Finally from 1959 to 1961, Nelms went on the Pappy Daily’s ‘D’ label, and had 4 singles of an high standard, considering the era. « Yoshe’ » and « Memories for a pillow » (D 1114) are uptempos, « Old broken heart » is a mid-paced inspired item, but its flipside « Half past a heartache » (D 1195) is better. « Picture of my heart » is a slowie, and « I’ve never had the blues » D 1178) is of course bluesy. (note a fine swooping piano).
Since 1955, Central City’s WMTA radio showcased every Saturday night a live show named “The Saturday Jamboree“. Among the performers Royce Morgan can be found ; also Eddie Gaines from White Plains, Billy Harlan (the « I wanna bop » cat) on double-bass – in the late 50’s he also worked as disc-jockey on WMTA and WNES. Also Tag and Effie Willoughby, and Jimmy Piper. (more…)
Born De Armand Noack, Jnr., 29 April 1930, Houston, Texas/ Died 5 February 1978, Houston, Texas A.k.a. Tommy Wood.
Eddie Noack, 1950
Noack who gained degrees in English and Journalism at the University of Houston made his radio debut in 1947 and made his first record for the Gold Star label in 1949, “Gentlemen Prefer Blondes”. In 1951, he cut several songs for Four Star including “Too Hot To Handle“. Leased to the TNT label, it drew attention to his songwriting and was recorded by several artists (including Sonny Burns) , most recently by Deke Dickerson, who also included “Gentlemen Prefer Blondes” on his new (excellent) CD, “Deke Dickerson In 3 Dimensions”.
Noack joined Starday in 1953 (beginning a long association with ‘Pappy’ Daily), where his immediate success came as a writer when several of his songs were recorded by top artists including Hank Snow who scored a # 5 Country hit with “These Hands” in 1956.
Noack moved with Daily to his D label where in 1958, after recording rockabilly tracks as Tommy Wood, he had a country hit with “Have Blues Will Travel” (# 14).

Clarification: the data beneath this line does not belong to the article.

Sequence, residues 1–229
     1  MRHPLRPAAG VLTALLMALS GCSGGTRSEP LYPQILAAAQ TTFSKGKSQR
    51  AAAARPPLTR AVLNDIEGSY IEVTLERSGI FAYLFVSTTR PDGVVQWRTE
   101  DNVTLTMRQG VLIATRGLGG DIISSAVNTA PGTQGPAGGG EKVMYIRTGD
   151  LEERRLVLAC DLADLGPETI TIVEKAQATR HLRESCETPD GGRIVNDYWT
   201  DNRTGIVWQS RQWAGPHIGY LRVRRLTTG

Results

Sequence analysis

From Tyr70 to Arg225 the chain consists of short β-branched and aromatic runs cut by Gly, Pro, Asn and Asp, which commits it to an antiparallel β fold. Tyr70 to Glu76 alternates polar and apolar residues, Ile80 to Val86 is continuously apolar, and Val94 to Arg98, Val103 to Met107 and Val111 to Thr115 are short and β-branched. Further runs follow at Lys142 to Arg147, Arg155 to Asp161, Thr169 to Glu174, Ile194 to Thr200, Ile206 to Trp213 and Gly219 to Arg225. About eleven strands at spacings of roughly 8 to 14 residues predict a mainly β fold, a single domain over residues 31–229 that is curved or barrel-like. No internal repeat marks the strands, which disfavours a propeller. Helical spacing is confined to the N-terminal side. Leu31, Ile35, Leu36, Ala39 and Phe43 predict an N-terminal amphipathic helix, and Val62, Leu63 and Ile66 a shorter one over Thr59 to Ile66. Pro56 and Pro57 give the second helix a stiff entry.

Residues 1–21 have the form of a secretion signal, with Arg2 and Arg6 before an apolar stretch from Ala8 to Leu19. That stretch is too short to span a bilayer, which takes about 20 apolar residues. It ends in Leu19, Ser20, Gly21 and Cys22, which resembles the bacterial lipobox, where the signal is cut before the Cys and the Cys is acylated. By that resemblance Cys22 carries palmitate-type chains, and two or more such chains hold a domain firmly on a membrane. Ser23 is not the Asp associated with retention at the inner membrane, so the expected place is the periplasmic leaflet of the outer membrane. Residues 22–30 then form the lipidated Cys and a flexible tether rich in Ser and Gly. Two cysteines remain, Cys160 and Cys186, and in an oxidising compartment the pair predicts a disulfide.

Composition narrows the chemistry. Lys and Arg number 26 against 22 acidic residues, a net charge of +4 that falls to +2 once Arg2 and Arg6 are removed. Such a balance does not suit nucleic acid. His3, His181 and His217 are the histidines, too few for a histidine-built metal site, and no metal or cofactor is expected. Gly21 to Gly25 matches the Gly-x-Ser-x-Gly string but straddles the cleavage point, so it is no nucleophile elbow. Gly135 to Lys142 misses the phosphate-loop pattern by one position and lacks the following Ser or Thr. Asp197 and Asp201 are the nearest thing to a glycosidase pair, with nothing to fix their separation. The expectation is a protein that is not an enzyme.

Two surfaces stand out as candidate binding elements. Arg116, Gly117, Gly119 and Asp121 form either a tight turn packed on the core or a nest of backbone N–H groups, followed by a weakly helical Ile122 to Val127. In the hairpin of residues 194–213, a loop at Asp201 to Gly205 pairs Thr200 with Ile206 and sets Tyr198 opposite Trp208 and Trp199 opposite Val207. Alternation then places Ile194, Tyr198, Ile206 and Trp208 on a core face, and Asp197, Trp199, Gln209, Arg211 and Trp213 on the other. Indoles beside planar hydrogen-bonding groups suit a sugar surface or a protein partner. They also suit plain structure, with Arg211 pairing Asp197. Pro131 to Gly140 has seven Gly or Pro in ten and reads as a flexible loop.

During the ’60s, Noack quit recording to concentrate on songwriting and publishing and had many of his songs including Flowers For Mama, Barbara Joy, The Poor Chinee,A Day In The Life Of A Fool and No Blues Is Good News successfully recorded by George Jones as album cuts.
In 1968, Eddie recorded “Psycho” for the K-Ark label.
This bizarre song, about a serial killer, was virtually unknown then since the original fifties version by its composer, Leon Payne (yes, the “I Love You Because” guy), had – understandably – never received any airplay. Since Eddie’s version it has become a cult favourite, covered by, among others, Elvis Costello.
Noack did make some further recordings in the ’70s, including arguably some of his best for his fine tribute album to Jimmie Rodgers. He moved to Nashville and in 1976, recorded an album that found release in the UK (where he had toured that year) on the Look label. He worked in publishing for Daily and Lefty Frizzell and in an executive role for the Nashville Song- writers Association until his death from cirrhosis in 1978. A fine honky tonk performer, somewhat in the style of Hank Williams, he is perhaps more appreciated today as a singer than he was in his own time.
Biography taken from Black Cat Rockabilly (Dik De Heer)
Below is a reprint of a New Kommotion article from 1976, “Talk Back With Noack”, in which Noack tells his early story in his own words.
I started in operating « Ruby Records » in February 1955. Before that I played the electric steel guitar for several years. Later on I met Esta Dodds, and worked as her A&R man, on « Esta records ». She was several years my senior and I felt she was satisfied moving at a slow pace. This irritated me and I became to be dissatisfied, so decided to start my own recording service, « talking letters » (Short recorded weddings, speeches and cut demos – in the same manner as did Sam Phillips in Memphis during the late 40’s).
Receiving satisfaction from this facet of recording, it prompted me into seeking my own label. I wanted to register it as « Rainbow Records », but there was a « Rainbow » label in Memphis, Tenn. Rather than be a part of an infrigement act, my wife gave written permission, without involvement to her, to use her name. The name « Ruby » was placed in a two dimensional diamond figure, with simulated glitter…with stars emitting from the glitter – which formed the logo. Then I was successful in getting it registered at the principal register in Washington. Wherein « Ruby Records » was given birth. (more…)